- Koch Family (Includes Claude Lambe Foundation): $24,258,797
- Olin Foundation: $7,530,824
- Scaife Family (includes Carthage Foundation): $5,031,000
- Bradley Foundation: $2,5544,050
- Barre Seid: $2,212,000
- Earhart Foundation: $996,348
- McKenna: $265,000
- Jacquelin Hume Foundation: $260,000
- Smith Richardson: $254,315
- The Walton Family (Wal-Mart): $120,000
- JM Foundation: $85,000
- Castle Rock Foundation (Coors Family): $75,000
Wendy and the Pious Hospital Bed Maker
Molly Ivins reports:
Leninger tends to give his PACs and foundations innocuous names — Texans for Justice, the Texas Public Policy Foundation, the Texas Justice Foundation, Children’s Economic Opportunity Foundation, Texans for Governmental Integrity, the A PAC for Parental School Choice, etc. According to the Current (a weekly alternative paper), Leininger is also a major donor to, or plays a leading role in, at least a dozen major right-wing groups. Politically, he has given not only to Christian-right school board candidates and right-wing legislative candidates but also to Sens. Kay Bailey Hutchison and Phil Gramm, and he was Rick Perry’s largest campaign contributor ($500,000) in Perry’s race for lieutenant governor.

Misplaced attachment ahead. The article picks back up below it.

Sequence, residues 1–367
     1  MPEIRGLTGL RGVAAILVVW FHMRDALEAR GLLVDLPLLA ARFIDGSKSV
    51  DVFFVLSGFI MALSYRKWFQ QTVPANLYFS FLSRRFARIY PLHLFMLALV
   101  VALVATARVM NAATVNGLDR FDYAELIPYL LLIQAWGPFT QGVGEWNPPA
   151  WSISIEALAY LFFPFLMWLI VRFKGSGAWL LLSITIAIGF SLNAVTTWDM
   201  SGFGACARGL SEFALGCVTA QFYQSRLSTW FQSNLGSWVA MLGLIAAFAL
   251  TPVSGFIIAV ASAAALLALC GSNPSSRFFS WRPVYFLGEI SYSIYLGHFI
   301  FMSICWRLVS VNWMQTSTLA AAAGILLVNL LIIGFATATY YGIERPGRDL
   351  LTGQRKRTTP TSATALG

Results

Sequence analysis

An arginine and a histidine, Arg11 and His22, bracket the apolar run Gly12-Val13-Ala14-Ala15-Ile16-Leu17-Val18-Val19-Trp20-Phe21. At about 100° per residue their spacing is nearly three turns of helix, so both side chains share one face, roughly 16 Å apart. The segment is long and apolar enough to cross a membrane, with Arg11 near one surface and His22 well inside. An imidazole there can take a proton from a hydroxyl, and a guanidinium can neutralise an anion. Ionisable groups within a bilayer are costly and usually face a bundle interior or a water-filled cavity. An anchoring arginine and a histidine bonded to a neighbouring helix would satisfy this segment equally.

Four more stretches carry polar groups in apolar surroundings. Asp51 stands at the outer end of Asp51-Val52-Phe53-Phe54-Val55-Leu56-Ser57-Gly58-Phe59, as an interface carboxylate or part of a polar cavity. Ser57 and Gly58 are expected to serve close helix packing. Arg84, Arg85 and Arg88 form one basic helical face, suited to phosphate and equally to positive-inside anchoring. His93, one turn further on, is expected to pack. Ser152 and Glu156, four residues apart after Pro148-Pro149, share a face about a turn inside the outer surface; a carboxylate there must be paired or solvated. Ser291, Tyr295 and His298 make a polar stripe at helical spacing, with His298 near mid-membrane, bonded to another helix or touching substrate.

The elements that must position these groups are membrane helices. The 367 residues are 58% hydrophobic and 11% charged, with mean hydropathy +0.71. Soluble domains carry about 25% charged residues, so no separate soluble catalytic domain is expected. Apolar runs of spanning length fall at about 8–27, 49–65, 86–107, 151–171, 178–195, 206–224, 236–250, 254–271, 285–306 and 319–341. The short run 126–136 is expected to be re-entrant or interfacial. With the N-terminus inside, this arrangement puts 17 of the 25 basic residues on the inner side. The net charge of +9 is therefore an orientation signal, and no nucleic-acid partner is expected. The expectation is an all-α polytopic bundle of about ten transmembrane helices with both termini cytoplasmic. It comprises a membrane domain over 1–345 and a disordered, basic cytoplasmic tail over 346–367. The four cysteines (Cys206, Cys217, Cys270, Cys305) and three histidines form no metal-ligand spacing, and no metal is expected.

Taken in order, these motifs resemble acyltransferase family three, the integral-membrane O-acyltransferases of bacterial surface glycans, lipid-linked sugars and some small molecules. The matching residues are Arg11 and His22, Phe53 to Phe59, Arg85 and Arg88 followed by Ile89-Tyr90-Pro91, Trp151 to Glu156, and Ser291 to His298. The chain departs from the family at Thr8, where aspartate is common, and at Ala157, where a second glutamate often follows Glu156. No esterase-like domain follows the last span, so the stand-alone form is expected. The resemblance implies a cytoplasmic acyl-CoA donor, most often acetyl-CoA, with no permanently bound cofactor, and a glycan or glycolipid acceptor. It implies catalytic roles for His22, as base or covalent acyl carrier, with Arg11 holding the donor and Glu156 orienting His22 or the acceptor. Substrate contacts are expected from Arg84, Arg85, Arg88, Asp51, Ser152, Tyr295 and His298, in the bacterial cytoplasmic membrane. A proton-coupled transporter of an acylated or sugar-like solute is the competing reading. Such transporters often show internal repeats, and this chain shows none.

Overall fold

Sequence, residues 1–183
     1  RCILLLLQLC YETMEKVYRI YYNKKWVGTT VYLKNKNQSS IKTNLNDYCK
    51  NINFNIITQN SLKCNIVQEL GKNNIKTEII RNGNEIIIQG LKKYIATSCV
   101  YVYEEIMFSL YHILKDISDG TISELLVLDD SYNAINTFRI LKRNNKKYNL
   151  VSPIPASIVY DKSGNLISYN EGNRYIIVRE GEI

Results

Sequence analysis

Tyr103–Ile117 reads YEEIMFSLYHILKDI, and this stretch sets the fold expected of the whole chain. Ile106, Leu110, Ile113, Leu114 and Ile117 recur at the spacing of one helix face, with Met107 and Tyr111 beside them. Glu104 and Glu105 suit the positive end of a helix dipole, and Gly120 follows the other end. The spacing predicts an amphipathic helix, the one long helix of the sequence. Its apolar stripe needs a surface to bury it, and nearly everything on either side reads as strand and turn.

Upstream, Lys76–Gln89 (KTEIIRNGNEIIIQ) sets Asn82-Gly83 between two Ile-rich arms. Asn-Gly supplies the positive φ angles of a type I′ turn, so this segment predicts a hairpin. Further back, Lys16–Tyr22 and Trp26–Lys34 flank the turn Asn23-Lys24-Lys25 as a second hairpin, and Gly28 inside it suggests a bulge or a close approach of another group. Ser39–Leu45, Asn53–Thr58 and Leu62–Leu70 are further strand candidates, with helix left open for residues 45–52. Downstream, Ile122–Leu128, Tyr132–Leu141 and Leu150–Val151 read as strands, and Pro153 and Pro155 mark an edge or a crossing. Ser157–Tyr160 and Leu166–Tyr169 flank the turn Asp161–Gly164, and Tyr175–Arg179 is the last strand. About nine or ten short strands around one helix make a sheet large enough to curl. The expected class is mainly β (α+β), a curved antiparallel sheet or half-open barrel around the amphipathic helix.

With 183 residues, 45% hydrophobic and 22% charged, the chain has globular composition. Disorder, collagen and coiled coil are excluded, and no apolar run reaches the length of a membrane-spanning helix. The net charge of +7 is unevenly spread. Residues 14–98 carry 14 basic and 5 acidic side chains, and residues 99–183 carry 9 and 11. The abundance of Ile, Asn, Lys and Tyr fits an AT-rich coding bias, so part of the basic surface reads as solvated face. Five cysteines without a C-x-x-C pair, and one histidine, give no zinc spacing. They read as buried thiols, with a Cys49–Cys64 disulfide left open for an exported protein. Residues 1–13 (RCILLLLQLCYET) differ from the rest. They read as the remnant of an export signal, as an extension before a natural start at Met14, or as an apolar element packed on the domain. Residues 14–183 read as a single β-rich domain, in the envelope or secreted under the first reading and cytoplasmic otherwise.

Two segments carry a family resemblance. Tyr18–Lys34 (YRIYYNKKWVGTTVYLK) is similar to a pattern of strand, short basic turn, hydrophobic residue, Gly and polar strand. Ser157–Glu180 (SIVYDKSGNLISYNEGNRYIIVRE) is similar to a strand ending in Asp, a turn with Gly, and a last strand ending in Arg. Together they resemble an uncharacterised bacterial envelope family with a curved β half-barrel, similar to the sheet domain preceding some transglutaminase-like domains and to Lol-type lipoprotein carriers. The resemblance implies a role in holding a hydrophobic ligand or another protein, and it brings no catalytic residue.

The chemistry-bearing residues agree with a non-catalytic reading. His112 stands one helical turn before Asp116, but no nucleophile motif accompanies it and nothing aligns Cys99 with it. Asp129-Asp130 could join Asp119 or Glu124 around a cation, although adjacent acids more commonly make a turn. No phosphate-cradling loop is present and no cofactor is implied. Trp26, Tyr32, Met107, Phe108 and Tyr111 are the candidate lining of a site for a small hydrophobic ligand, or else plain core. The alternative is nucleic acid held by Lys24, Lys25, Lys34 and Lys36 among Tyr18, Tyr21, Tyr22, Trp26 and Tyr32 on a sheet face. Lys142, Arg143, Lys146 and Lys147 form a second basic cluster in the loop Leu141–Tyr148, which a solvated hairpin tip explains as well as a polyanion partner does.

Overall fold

On Jan. 13, 1995, Perry bought $38,875 worth of stock in Kinetic Concepts, a company owned by Jim Leininger, a San Antonio physician, conservative activist and major Perry campaign donor. Perry invested an additional $35,167 in the company on Jan. 24, 1996 — the same day he spoke at a luncheon that Leininger attended. Later that day, an investment firm bought 2.2 million shares of Kinetic Concepts stock, driving up its price. Perry sold his Kinetic Concepts holdings a month later for a $38,382 profit. Leininger and Perry acknowledged they spoke at the luncheon but denied discussing the stock.